Q: Why apply to CISLA?
The mission of CISLA is to educate students to become culturally sensitive, socially engaged, politically informed leaders, and to give them the skills to thrive in a globalized world. CISLA prepares students to internationalize their major and to become responsible citizens of the global community. We seek to engage students as leaders of tomorrow by preparing them today with the global professional skills, knowledge, and lived intercultural experiences required of people in positions of leadership.
Q: What are the three CISLA questions and why are they significant?
- How do we interact with the multiple origins and dynamics of power structures and social hierarchies today?
- How can a given body’s (person’s, nation’s, discipline’s, institution’s) history shape future possibilities for discovery?
- How can we address the material, spiritual and ethical challenges facing us today?
These three questions ask you to put your own work into a broader liberal arts context. The three questions are introduced in IS 201 and IS 401 and returned to in IS 302 and Is 401 and must be addressed throughout your time as a CISLA scholar, and in the addendum (CISLA reflection paper) to the final senior integrative project.
Q: What if I change my mind about my proposed integrative plan of study after the application has been approved?
Change is implicit, and we have created this program to be flexible. We encourage you to discuss your developing ideas with faculty in your major and faculty in CISLA. As your research evolves, we ask that you capture those changes in an updated CISLA SIP proposal. Put your new ideas in writing and we will review and approve any changes. We are happy to discuss any changes you may have at all stages of development up until December of your junior year. Any significant changes to your project (e.g. location, main topic) must be approved by December 31st of your junior year.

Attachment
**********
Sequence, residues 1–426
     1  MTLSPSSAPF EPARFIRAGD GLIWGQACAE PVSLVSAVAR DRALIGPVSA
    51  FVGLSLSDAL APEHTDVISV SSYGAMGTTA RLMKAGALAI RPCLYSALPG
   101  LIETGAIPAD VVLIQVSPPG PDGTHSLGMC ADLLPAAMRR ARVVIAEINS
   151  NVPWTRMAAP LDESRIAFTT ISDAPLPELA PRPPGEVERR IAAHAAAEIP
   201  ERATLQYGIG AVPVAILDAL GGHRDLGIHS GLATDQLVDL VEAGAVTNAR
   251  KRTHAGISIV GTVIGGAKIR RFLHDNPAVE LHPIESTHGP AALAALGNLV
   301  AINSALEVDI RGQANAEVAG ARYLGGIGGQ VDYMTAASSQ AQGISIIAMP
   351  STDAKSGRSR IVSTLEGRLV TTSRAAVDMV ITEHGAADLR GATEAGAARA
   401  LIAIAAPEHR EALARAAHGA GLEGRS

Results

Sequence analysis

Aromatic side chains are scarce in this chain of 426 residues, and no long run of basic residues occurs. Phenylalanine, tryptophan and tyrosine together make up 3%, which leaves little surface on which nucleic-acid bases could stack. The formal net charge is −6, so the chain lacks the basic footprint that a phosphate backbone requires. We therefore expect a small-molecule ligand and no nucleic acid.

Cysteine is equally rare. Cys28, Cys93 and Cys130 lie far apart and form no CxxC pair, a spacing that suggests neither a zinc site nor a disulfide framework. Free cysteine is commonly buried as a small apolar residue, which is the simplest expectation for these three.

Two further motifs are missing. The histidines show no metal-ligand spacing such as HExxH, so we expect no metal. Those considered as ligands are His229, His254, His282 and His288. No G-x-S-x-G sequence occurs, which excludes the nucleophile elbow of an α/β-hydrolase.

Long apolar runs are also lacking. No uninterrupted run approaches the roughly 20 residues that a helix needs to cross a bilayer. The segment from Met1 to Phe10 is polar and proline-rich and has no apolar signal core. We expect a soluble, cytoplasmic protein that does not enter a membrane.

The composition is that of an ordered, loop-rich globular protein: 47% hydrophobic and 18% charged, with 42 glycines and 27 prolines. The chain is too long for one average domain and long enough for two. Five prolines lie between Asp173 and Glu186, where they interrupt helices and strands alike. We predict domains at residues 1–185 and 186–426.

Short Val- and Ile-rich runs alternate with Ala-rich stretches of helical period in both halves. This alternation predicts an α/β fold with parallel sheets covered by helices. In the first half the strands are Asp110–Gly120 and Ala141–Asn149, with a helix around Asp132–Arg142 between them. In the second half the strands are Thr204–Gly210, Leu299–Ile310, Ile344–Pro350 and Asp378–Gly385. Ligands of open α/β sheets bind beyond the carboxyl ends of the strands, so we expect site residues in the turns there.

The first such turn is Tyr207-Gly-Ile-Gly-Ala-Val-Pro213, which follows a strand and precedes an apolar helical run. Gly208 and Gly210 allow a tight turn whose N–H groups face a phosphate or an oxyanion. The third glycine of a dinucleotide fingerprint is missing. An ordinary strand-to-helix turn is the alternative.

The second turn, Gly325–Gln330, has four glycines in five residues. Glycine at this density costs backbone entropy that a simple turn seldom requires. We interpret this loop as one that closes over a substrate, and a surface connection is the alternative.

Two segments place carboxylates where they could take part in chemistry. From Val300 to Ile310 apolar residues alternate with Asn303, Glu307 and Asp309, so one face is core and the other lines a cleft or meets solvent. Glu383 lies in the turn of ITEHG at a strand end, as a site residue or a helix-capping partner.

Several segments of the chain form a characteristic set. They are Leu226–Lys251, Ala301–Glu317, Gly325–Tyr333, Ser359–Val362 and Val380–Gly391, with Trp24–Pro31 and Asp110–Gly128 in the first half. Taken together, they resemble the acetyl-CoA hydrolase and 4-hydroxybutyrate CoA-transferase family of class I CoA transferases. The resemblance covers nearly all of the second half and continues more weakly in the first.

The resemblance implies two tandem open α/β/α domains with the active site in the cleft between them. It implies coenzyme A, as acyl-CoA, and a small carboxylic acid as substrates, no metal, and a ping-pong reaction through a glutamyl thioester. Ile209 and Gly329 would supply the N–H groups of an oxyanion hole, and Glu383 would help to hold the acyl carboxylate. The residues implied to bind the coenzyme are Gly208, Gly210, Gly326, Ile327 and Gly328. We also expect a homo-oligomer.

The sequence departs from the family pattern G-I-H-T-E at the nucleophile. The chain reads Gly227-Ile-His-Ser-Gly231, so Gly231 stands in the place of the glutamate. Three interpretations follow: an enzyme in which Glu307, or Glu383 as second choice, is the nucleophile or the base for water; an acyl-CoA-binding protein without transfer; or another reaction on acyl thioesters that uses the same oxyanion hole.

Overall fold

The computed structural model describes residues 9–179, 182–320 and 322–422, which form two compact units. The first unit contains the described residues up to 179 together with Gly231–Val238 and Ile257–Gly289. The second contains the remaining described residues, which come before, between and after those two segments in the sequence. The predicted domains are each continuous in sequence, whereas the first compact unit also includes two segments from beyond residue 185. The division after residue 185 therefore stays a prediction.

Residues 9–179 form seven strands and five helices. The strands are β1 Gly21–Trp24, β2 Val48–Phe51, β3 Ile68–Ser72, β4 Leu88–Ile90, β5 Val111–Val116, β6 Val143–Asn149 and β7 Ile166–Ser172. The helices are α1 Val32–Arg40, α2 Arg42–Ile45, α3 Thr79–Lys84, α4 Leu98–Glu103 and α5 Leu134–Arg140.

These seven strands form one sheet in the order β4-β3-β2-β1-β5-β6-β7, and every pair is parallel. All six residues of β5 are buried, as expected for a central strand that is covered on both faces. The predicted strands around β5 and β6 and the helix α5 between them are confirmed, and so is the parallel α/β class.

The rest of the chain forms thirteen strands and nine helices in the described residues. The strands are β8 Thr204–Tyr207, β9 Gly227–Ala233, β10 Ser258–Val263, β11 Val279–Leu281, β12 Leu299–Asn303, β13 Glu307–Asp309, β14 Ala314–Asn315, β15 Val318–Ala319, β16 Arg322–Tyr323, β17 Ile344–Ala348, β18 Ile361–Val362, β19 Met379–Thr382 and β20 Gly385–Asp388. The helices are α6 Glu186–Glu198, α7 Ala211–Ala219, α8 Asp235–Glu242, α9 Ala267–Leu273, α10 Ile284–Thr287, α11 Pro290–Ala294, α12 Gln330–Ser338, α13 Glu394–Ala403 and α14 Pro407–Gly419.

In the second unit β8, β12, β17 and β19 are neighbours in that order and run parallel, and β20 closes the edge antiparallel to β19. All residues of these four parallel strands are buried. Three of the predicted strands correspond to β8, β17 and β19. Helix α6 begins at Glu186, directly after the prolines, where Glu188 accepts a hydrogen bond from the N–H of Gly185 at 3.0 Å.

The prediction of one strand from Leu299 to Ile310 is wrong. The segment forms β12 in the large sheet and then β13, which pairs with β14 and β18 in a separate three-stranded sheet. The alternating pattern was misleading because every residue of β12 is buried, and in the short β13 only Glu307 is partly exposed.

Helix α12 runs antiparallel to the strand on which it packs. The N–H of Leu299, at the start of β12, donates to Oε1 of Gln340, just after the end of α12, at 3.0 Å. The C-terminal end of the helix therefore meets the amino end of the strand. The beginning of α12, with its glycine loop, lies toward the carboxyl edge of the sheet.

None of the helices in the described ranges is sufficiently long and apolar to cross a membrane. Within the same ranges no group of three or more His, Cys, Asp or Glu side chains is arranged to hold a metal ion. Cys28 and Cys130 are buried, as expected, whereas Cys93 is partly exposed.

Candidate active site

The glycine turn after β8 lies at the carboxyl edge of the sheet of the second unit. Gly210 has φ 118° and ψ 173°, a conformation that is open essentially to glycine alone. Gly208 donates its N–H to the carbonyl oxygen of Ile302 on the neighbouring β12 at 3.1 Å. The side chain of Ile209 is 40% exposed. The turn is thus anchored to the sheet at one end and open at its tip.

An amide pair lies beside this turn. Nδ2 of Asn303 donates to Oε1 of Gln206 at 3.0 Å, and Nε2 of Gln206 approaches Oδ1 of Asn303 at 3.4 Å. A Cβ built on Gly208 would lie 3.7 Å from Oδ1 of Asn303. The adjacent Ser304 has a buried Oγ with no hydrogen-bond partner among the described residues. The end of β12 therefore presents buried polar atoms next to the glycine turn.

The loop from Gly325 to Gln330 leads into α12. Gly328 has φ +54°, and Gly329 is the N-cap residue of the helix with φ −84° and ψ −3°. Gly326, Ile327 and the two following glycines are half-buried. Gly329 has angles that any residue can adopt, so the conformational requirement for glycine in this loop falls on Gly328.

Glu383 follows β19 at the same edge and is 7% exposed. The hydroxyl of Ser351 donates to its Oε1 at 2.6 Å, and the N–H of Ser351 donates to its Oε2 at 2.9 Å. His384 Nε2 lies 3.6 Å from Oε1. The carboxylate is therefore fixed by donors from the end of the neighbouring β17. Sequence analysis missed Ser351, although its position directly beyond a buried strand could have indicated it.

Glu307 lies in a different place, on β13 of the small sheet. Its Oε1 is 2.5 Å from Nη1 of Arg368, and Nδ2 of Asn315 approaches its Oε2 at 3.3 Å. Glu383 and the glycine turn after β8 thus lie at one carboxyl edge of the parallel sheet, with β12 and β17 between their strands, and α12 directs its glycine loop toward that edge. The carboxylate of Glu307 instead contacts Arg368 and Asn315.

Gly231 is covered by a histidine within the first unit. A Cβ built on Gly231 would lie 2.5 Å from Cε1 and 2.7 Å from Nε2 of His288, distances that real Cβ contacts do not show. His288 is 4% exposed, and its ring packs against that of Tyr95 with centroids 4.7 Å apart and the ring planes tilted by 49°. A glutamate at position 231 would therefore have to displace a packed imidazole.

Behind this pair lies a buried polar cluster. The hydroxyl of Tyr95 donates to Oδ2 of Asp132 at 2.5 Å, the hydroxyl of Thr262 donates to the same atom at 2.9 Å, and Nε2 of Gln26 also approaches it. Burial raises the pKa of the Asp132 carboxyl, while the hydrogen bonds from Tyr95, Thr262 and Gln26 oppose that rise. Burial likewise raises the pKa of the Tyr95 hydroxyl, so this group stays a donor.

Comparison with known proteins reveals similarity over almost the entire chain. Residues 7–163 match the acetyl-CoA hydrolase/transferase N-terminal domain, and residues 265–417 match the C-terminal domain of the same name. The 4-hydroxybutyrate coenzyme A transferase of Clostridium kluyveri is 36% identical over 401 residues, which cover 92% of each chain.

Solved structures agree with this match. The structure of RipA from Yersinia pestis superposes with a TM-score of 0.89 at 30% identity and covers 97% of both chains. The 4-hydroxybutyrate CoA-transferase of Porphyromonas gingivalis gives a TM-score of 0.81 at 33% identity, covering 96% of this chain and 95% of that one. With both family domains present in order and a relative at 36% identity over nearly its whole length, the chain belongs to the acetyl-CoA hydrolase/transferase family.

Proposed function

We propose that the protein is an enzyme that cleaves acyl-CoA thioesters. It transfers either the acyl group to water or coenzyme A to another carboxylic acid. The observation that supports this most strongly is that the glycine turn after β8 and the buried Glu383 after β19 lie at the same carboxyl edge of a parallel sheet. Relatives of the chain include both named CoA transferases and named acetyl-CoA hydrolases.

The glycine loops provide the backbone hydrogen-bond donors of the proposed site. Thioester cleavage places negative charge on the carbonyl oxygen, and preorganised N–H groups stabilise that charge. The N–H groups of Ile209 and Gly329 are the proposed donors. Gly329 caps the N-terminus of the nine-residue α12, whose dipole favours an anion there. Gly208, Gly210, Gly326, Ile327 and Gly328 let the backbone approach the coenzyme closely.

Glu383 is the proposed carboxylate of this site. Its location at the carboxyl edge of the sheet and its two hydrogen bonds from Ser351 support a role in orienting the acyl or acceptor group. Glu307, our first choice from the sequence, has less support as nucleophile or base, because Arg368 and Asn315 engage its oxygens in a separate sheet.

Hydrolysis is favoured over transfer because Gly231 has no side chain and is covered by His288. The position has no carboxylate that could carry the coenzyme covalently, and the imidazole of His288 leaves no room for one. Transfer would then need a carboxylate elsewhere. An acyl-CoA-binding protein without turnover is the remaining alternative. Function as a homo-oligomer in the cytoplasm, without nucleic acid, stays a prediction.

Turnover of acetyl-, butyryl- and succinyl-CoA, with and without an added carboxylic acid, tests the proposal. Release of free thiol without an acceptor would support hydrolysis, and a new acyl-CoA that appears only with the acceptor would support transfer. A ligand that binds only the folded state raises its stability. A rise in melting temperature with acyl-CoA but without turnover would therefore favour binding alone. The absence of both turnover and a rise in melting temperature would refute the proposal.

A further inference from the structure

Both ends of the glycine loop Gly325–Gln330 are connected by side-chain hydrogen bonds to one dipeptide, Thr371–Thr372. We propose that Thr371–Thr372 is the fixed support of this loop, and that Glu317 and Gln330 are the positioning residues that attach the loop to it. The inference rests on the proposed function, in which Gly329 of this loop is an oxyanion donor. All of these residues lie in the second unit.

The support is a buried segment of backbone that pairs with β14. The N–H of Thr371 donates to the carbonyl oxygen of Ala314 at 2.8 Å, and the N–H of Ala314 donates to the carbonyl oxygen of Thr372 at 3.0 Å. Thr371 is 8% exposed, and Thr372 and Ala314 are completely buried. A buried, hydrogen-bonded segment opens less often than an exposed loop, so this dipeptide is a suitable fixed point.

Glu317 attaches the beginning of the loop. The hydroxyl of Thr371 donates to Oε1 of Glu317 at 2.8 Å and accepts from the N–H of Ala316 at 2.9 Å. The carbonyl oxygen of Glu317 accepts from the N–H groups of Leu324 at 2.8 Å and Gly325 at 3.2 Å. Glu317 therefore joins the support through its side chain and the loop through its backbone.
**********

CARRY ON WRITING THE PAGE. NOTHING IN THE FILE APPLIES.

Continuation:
Q: When do I have to declare my major? What if I change my major?
The College asks you to declare a major in March of your sophomore year. If you are not positive about your major when you apply to CISLA, simply put down what you assume your major will be. If you change it at a later date, please notify us. Keep in mind that if you change your major you may need to re-examine your support courses.
Q: Can I do Study Away?
Yes. Studying away either in a traditional program or SATA does not interfere with your CISLA requirements and usually enhances your overall experience.
Q: Can I study away in one place and do an internship in another?
Yes, though it is encouraged to study away and intern in the same country. Usually you will study away in an area that speaks the language that you intend to use during your internship. For example, you could study away in Spain and go to Ecuador for an internship, or study in France and intern in Senegal. Occasionally a student who has command of more than one language will study in a different linguistic area. This is acceptable, but you must be certain that you have an excellent command of the language where you are to do your internship. If you have a plan that is unconventional, come see us to discuss it and explore possible options.
Q: What is the difference between the Senior Integrative Project (SIP), an Honors Thesis and an Independent Study?
The SIP can be done either as an honors thesis in the major (two independent studies) or as a one-semester independent study (usually in the major). An honors thesis is eight credits of work over two semesters and represents a substantial piece of research. An independent study is four credits and is done during either the fall or spring semester. In both cases the requirements, criteria, deadlines and approvals are department specific so you must establish plan ahead and identify a faculty member to work with in the department in which you plan to do the SIP.
Q: If I am a double major, can I do my integrative project in either major? Can I do my integrative project in my minor?
Yes, you just need approval of the departmental adviser for the project.
Q: What if I don't get a 3.0 this semester?
Students are accepted to CISLA based on their GPA and other criteria. If at any time your cumulative GPA falls below a 3.0, we will meet with you to discuss the matter and your status in CISLA will be considered provisional. In any event, you will not qualify for the stipend to do the internship if you do not have a 3.0 GPA.
Q: I hear that IS 201 is really hard; will I be able to take five courses?
IS 201 is demanding, but not more so than many courses at the College. You should determine for yourself if you can manage five courses. It is always a question of time management.
Q: Do I have to get written recommendations from the faculty that I have named on the application?
No, CISLA staff will reach out to them for your recommendation. You should have a conversation with the faculty letting them know that you have applied to CISLA, and asking if they would be comfortable with you listing them as a reference. If they agree, you can let them know that CISLA will be contacting them for a recommendation.